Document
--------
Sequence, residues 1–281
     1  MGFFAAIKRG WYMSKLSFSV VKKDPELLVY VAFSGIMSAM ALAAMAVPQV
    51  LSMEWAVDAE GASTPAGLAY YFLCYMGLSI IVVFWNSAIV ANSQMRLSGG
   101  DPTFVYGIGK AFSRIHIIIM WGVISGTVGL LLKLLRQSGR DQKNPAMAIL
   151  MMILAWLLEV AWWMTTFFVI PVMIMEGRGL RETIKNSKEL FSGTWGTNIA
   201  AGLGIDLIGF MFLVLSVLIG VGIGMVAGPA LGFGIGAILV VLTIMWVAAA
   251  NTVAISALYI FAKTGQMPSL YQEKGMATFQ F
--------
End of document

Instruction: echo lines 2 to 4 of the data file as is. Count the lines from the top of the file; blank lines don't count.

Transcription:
     1  MGFFAAIKRG WYMSKLSFSV VKKDPELLVY VAFSGIMSAM ALAAMAVPQV
    51  LSMEWAVDAE GASTPAGLAY YFLCYMGLSI IVVFWNSAIV ANSQMRLSGG
   101  DPTFVYGIGK AFSRIHIIIM WGVISGTVGL LLKLLRQSGR DQKNPAMAIL